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February 22, 20110 found this helpful

Once again another mouth watering winner from Momma Julia's southern kitchen.I can't wait to make this one.
Thank you ladies for the homemade buttermilk tip as well.
One question.Can this recipe be doubled successfully?
Thanks for sharing again. ;)

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February 22, 20110 found this helpful

I've never tried doubling it, Keeper60, but I don't see any reason that it wouldn't. If you used a 10" iron skillet, it'd
be very, very thick. That could make a problem in the baking time and temperature. I think I'd be more inclined to make 2 separate "cakes / breads".


As for using the dried buttermilk, I've not tried that either latrtatr. If you do try it, you could let us know how it works. I know that not everyone keeps fresh buttermilk the way I do, but I use it to make biscuits, and chocolate cake, so we almost always have it in the fridge. I'm the only one who drinks it though.

The molasses is the only sweetner IndianOne. It's not an overly sweet cake, but if it isn't sweet enough for you, try apple jelly on it. That is delicious. It's sweet enough to make a slice of cheddar cheese taste like Heaven just the way it is.

Another little trick for those who aren't sure they like the distinct flavor of molasses, try adding half molasses and half syrup (cane syrup or even corn syrup). Never tried mixing it with maple flavored syrup. I don't think they'd go together very well. My Mother always had a jar full of Molasses cookies up on top of the "ice-box". I mean a real ice-box too. Later it
sat on top of the refrigerator my father bought. I didn't think much of it though. I'd always loved getting real icicles from the ice-man.

We still buy cane syrup made in GA from a fella in north Florida who goes up there to get it, so if I don't have quite enough molasses (Grandma's yellow label is unsulphured and is mild), then I'll finish it up with my cane syrup. I've never lost one of these Short'nin Breads, but I don't make them as often as I did when my own children were younger.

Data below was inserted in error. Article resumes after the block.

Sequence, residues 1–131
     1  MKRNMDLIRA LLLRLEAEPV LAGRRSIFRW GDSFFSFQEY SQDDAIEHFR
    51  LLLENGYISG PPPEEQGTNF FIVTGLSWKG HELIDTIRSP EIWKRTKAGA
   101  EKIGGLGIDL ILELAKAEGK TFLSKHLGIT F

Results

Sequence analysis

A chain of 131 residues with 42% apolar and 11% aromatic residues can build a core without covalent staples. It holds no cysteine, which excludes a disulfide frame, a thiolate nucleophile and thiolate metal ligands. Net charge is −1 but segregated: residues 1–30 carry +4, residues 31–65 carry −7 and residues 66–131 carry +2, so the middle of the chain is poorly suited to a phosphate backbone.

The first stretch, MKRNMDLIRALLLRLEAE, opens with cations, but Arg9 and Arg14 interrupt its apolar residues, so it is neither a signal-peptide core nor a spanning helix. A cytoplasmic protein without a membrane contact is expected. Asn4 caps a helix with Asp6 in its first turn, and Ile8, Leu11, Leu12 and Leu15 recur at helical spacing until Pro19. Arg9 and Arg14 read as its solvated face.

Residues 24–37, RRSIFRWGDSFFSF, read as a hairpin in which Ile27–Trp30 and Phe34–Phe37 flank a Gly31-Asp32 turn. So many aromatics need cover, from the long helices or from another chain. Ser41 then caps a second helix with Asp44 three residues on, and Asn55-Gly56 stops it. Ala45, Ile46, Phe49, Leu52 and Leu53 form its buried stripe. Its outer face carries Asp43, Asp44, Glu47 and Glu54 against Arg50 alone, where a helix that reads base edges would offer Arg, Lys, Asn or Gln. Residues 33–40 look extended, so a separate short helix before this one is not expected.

Thank you to everyone who has left such interesting feedback.
I hope you enjoy making your Short'nin Bread.


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February 22, 20110 found this helpful

I always thought "Short'nin Bread" was just a children's song, and never knew it was something real to cook or bake.
My family loves Gingerbread, and I make it with molasses, so I'm going to try this recipe Julia. It is both interesting
and looks like it'd be fun to make.

Thank you for sharing it.


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February 22, 20110 found this helpful

Thank you so much for posting quickly re recipe you submitted. It is really appreciated because if I am not sure about a recipe ingredient, instruction etc., I can't make it & I certainly want to make Short'nin Bread!

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February 23, 20110 found this helpful

I can remember the cute little song, and I remember eating this when I was a kid, but I'd forgotten how easy it is to make. I also like to drink good buttermilk Julia. I'll have to drag out my old iron skillet and whip up some Short'nin Bread for my hubby who has developed a serious
sweet tooth since he retired.

Thank you so much for bringing back the good memories.


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February 24, 20110 found this helpful

Well, Julia, you knew my curiosity would be inflamed until I tried this, and you were right. It was, and I did. Now, I'll probably have to make short'nin bread every weekend. My kids thought it was "fried" gingerbread, and gobbled it up. It kinda looks like fried gingerbread, and I must say that I like it too. It is just as easily put together as it sounds.

You mentioned putting apple jelly on it, and I tried that too, but the bread was plenty sweet to suit us without it.

Definitely a winner / keeper.

Thank you for sharing your recipe.